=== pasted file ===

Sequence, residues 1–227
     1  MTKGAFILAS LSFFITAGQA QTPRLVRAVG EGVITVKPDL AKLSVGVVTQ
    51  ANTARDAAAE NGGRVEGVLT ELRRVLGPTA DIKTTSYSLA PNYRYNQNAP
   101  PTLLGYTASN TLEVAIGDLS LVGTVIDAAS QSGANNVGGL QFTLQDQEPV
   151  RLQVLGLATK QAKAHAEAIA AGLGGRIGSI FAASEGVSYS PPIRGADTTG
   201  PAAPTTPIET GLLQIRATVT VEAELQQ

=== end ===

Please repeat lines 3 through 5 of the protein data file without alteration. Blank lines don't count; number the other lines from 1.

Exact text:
    51  ANTARDAAAE NGGRVEGVLT ELRRVLGPTA DIKTTSYSLA PNYRYNQNAP
   101  PTLLGYTASN TLEVAIGDLS LVGTVIDAAS QSGANNVGGL QFTLQDQEPV
   151  RLQVLGLATK QAKAHAEAIA AGLGGRIGSI FAASEGVSYS PPIRGADTTG